Listen to Paul Darley and David Schoedinger explain their experience with succession planning. It is always important to prepare an ongoing succession plan before an unforeseen event takes place. In a family business, it may be helpful to include advisors, and other impartial professionals when making important decisions, to provide the family with an objective perspective.
We’re what’s known today as a cousin consortium so today our company’s primarily owned by the third generation. That autocratic style of a single president and CEO making decisions in a family business with such diverse family ownership just simply doesn’t work today. It’s also important too, as we look to the next generation, that we have balance in our management that is both family members and non-family members.
We’ve never had a real succession plan, people ask, you know, how have you been able to get through six generations when most businesses maximum are three generations? My reasoning is the best reason is the, we always had a mandatory buy/sell, it’s always until this generation, the sixth generation, come down to two brothers. If one of them died, the other on had to buy the other one out.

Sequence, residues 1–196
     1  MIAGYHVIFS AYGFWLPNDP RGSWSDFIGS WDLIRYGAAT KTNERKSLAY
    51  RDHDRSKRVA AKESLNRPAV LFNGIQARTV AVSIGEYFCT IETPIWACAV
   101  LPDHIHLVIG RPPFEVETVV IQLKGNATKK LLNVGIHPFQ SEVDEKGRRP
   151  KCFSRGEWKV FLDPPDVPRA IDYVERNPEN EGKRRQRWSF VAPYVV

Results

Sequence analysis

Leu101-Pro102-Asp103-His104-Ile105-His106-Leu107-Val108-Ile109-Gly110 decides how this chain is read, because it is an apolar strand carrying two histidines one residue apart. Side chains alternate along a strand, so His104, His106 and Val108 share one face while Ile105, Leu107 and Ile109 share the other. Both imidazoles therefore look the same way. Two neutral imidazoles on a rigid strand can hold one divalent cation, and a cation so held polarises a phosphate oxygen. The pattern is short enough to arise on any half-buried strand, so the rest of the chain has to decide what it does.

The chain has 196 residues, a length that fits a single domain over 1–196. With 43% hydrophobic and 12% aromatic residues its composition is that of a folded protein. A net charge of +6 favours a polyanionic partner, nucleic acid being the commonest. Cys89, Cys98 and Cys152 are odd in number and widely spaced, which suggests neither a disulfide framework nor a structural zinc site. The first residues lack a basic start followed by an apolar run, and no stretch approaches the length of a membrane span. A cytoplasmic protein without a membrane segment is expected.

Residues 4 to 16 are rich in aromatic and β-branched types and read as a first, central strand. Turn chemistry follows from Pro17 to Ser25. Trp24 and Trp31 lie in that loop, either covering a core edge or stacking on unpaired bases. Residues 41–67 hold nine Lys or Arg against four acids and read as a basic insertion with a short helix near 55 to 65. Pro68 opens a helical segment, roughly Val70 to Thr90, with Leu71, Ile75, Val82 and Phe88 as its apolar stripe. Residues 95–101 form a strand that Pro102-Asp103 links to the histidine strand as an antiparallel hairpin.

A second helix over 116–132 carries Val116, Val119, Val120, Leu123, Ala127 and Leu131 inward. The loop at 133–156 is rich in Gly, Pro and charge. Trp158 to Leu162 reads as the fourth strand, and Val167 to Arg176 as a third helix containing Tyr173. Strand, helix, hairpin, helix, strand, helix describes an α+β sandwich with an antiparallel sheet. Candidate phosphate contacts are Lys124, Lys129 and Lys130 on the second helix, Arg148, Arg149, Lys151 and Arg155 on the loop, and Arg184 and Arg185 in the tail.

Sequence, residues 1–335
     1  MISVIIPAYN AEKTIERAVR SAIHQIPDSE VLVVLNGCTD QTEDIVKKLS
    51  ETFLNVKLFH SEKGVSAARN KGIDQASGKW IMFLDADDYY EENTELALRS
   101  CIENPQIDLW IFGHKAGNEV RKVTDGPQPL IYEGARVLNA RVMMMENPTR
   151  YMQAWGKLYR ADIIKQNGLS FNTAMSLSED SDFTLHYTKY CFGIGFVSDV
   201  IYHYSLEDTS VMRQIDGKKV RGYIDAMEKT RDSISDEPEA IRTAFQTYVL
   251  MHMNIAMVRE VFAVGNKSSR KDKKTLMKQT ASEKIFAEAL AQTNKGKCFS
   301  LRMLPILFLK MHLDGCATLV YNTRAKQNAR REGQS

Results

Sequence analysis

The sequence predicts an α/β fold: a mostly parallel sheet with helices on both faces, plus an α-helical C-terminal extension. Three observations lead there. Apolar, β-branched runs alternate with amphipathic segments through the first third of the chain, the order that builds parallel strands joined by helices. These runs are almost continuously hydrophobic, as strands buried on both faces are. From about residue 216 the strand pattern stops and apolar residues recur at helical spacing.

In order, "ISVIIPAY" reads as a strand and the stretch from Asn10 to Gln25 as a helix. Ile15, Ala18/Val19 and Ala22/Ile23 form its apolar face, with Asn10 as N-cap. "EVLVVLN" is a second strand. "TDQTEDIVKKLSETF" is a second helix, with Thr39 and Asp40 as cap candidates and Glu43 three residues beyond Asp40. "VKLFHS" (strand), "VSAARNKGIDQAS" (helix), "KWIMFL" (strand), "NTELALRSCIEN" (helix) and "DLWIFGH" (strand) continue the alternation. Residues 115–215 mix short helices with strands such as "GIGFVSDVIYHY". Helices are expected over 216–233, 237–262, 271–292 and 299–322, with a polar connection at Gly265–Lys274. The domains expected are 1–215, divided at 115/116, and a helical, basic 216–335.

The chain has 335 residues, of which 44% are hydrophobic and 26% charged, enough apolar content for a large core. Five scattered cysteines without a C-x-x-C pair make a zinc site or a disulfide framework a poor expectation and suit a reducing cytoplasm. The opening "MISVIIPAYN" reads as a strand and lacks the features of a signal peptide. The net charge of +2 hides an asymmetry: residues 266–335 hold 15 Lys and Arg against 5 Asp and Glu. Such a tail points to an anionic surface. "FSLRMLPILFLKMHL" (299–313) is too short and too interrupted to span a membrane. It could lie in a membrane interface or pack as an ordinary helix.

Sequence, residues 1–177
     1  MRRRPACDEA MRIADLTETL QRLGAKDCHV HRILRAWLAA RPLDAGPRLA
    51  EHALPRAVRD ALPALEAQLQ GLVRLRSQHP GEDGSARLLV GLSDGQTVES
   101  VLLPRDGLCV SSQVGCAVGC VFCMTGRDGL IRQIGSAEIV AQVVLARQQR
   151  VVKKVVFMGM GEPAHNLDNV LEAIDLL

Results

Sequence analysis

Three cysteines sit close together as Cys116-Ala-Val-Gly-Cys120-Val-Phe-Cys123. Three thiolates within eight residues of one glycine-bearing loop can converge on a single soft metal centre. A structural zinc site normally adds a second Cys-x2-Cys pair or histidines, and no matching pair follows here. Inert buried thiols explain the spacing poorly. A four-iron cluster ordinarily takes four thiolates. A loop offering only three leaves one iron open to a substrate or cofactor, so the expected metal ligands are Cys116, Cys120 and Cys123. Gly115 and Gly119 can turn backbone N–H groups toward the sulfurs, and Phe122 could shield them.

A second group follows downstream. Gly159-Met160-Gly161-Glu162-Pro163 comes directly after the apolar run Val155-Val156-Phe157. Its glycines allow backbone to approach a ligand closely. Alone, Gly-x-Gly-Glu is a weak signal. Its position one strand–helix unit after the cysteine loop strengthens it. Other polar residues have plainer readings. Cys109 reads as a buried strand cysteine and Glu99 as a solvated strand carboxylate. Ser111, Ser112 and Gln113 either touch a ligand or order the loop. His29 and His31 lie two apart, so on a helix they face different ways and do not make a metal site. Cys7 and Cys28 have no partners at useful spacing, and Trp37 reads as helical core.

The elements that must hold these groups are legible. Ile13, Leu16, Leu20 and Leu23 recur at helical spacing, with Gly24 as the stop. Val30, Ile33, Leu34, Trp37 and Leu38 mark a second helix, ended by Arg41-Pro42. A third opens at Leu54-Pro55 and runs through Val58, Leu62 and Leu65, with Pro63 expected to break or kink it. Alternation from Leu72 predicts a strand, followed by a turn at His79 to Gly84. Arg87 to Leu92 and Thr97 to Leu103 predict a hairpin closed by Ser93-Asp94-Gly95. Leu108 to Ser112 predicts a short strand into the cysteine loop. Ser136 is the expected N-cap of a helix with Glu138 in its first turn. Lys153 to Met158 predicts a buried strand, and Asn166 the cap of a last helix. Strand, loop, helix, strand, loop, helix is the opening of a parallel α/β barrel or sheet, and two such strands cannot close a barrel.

If another family approached us for advice on succession, I would suggest to them that they involve as many people as possible in the process. Both family members, advisors, attorneys, there’s all sorts of family business organizations out there. But really go out there and don’t make quick decisions, don’t be afraid to do something radically different like we did, with our father deciding to you know, let the next generation pick the leadership of this company, and the next president and CEO, and be unique.